The Fellowship of the Ring by J.R.R Tolkien (Harper Collins 1991) pp.169-80

Up until this point of the journey the hobbits have been more or less “looked after”. Even though almost from the beginning their steps have been dogged by the pursuit of the deadliest of enemies in the shape of the Nazgûl of Mordor they have been able to find protection from such mighty allies as the company of High Elves led by Gildor Inglorien or Tom Bombadil in the Old Forest and the Barrow Downs. And as well as the hospitality they enjoyed in the house of Tom Bombadil and Goldberry they have been well fed and watered in the farmhouse of the Maggots and the Prancing Pony in Bree.

But now the nature of the journey makes a sudden change with the attack upon the Prancing Pony in the night. The hobbits lose their ponies and set off with a poor half-starved creature belonging to Bill Ferny, the biggest villain in the Breeland, who is certainly in league with the Black Riders and who makes as much money as he can from their misfortune.

When I say, misfortune, I mean the fact that, from their perspective, that what they thought was going to be a road journey by sturdy pony from Bree to Rivendell, has become a hard march, a yomp as soldiers call it, across hard terrain, carrying heavy loads, with no shelter. Their only pony has to carry as much food as it can take for a fortnight’s journey and the hobbits have to take the rest upon their backs. Only Strider is not much discomfited by this. For him a yomp from place to place is normal life and he has but one extra burden to carry and that is the care of four companions about whose capacity to deal with hardship he has many doubts. Butterbur has already voiced these aloud through his remark that the hobbits are acting as if they are on holiday but even with these doubts in mind Strider has already made up his mind.

Strider Leads the Hobbits through the Wild

“I am Aragorn son of Arathorn; and if by life or death I can save you, I will.”

The journey really begins with the crossing of the Midgewater Marshes. Tolkien never liked boggy country. I was about to say that nobody does but at one time a whole way of life was developed by people living in the fenland of eastern England or the Somerset Levels. Those who know their English history will treasure the year 877 when all that remained of free England was the Isle of Athelney hidden deep in the Somerset Levels when Alfred the Great hid there from Danish invaders. Some call this place the birthplace of England, a place so remote that the Danes could not reach it with sufficient forces to capture the king. Others will remember the last defence of Hereward the Wake against the all conquering armies of William of Normandy on the isle of Ely in the Cambridgeshire fens two centuries later when he too used the natural defence of the bog against his enemies. But a bog makes good defence because it is hard to cross by foot. I remember once having to cross one late in the day. I was grateful for the sturdy stick that I had with me. Every step that I took required a careful use of the stick to find ground firm enough to take my weight and I would often use it to swing across from tussock to tussock hoping that I would not miss my footing and find my boots and then my legs disappearing into the ooze. Recently I learned that in the trenches of the First World War British soldiers feared the mud more even than shells exploding about them and that many of them drowned in that mud.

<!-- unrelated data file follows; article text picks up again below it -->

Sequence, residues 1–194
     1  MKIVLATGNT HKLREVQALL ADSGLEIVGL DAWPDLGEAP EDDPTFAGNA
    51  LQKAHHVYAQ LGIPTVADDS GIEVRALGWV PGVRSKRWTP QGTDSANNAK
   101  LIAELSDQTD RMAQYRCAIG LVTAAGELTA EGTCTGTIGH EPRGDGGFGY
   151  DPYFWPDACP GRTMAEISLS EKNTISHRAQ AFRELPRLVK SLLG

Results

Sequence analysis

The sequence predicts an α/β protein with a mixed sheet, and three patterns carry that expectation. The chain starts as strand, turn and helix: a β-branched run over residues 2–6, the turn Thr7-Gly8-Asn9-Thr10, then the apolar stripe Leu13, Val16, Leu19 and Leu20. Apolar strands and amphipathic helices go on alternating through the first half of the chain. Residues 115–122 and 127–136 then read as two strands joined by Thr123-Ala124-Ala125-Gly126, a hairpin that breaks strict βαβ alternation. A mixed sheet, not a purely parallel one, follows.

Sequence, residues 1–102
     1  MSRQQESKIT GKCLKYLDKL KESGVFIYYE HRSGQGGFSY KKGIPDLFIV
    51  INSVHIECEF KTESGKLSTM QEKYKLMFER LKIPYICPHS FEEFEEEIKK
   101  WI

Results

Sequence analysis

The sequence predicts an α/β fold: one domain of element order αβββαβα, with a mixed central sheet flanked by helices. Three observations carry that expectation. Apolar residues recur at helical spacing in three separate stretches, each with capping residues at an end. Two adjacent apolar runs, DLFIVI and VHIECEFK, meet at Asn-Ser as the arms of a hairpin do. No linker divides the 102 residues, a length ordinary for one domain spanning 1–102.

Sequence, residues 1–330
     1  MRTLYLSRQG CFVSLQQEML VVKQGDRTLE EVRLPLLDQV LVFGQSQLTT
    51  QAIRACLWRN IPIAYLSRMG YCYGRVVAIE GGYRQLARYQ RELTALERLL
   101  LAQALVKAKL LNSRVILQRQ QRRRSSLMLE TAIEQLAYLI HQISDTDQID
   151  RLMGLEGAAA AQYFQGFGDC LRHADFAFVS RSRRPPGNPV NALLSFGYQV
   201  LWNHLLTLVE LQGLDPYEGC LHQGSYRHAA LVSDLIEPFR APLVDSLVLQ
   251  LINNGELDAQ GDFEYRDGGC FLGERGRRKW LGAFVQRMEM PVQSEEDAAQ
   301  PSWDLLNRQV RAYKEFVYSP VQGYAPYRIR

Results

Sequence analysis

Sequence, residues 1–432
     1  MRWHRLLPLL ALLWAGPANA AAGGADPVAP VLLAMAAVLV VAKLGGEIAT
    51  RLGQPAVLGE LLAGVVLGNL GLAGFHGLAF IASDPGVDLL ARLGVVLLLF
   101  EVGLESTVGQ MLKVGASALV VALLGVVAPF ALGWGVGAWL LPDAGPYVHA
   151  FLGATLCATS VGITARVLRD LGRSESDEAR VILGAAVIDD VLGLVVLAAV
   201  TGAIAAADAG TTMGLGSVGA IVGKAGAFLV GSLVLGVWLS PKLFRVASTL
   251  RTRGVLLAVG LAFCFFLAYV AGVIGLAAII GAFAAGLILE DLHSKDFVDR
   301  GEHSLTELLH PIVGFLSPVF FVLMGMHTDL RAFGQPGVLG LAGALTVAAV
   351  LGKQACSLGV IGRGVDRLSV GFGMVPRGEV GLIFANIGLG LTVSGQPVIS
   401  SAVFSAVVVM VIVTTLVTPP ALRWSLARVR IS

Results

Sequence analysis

The Isle of Athelney in 877

Tolkien knew the mud of the Western Front at first hand and hated it. Is it a coincidence that two of the great journeys of The Lord of the Rings begin with a journey across marshland, the journey from Bree to Rivendell and later the journey of Frodo and Sam from the Emyn Muil to Mordor. For Tolkien nothing would better express the hardships that lay ahead. For the hobbits even the companionship of the greatest traveller of his age cannot protect them from the hardships that they must now endure.

The Midgewater Marshes looking towards Weathertop by Anna Kulisz

Not All Those Who Wander Are Lost. Gandalf’s Letter Commends Aragorn to the Hobbits.

The Fellowship of the Ring by J.R.R Tolkien (Harper Collins 1991) pp. 160-168